Goldilocks Effect In Adolescents

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A study done by the Mental Health Foundation found that in the UK one in ten people feels lonely often, and around 48% of people are getting lonelier in general. It is known that loneliness is a condition that affects the elderly due to a lack of mobility and loss of close friends and family, however, in the past few years alone there has been an increase in the number of people feeling lonely in adolescents and people between the ages of 20 and 30. Many of the contributing aspects are associated with modern living, and to some extent the boom of social media websites and the Internet. Another study done on Taiwanese adolescents showed that people who used the Internet to make friends were in a higher depressive mood as compared with people…show more content…
Firstly, the Internet allows an individual to put his or her attention on exactly what they want to; and access content relevant to only them. This creates a sense of control and power over this vast sea of information. A term called the ‘Goldilocks effect’ (Turkle 2012) applies here aptly—not too little, not too much but just enough. In the same manner, relationships between individuals online are also falling into this rhythm. People want to be at a distance from one another but not too far as to lose sight of them. They want conversation but in controlled amounts and in the time of their choosing. They want to appear as their best versions at any given time, and so people have the opportunity to retouch photographs, delete aspects of their lives they may not want to reveal to the world and cut out any imperfections that may make them vulnerable. The ultimate implication of all these actions is that genuine connection becomes obscured when the two ends of a relationship are between these virtually ‘better’ people. Without the mess of imperfection, relationships remain at a superficial level…show more content…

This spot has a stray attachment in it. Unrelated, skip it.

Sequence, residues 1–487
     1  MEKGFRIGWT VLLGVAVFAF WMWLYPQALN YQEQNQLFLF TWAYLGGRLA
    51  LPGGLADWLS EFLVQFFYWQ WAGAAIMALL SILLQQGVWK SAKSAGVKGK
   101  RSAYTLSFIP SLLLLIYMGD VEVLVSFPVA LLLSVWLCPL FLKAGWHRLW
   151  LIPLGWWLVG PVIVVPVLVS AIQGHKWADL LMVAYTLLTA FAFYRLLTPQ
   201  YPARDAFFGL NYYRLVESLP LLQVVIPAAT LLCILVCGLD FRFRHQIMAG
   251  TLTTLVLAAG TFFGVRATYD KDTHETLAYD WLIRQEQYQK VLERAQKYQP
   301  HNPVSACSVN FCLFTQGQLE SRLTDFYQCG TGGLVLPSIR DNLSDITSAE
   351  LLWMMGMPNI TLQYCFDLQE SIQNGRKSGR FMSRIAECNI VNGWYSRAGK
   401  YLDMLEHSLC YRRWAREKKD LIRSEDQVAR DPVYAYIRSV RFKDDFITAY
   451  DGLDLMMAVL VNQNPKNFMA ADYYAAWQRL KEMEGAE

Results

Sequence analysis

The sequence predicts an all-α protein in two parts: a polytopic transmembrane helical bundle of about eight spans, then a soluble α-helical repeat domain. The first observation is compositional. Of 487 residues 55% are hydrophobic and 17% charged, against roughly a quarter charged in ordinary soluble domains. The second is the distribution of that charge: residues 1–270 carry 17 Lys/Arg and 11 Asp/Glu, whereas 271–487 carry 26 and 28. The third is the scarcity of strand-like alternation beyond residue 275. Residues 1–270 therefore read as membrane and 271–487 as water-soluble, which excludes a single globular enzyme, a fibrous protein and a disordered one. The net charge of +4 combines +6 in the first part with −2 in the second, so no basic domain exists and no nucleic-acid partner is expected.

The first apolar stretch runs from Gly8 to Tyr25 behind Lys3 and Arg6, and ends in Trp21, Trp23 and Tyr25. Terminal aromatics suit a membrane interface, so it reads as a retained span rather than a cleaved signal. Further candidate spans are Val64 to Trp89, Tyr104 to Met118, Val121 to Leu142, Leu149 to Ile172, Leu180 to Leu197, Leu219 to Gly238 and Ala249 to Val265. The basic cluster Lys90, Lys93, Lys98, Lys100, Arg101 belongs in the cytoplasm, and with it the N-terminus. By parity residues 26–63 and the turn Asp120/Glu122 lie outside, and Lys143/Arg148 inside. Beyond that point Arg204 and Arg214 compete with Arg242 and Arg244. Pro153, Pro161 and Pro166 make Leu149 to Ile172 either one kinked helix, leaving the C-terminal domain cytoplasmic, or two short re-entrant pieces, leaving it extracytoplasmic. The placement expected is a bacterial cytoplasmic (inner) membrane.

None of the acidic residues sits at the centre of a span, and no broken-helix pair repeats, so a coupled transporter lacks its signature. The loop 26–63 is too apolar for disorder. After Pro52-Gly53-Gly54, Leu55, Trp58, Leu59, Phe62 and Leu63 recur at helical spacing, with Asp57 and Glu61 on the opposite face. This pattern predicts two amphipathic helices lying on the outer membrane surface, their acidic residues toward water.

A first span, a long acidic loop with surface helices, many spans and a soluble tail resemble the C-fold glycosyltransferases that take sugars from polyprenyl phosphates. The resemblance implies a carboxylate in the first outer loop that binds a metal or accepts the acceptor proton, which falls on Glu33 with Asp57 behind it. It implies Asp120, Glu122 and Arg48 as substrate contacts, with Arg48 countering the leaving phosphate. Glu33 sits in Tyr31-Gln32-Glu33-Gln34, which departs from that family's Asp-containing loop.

With access to the Internet, one can always be in the company of friends, parents, loved ones and coworkers online. The click of a button immerses an individual with an overload of information about people they may or may not have a real and personal relationship with. According to some sociological research, the average human is incapable of having intimate relations with more than 150 people. Online however, this number could run into thousands and even millions of ‘followers’ or ‘friends’ at a time. People are unable to distinguish between quality and quantity, often substituting the latter with the

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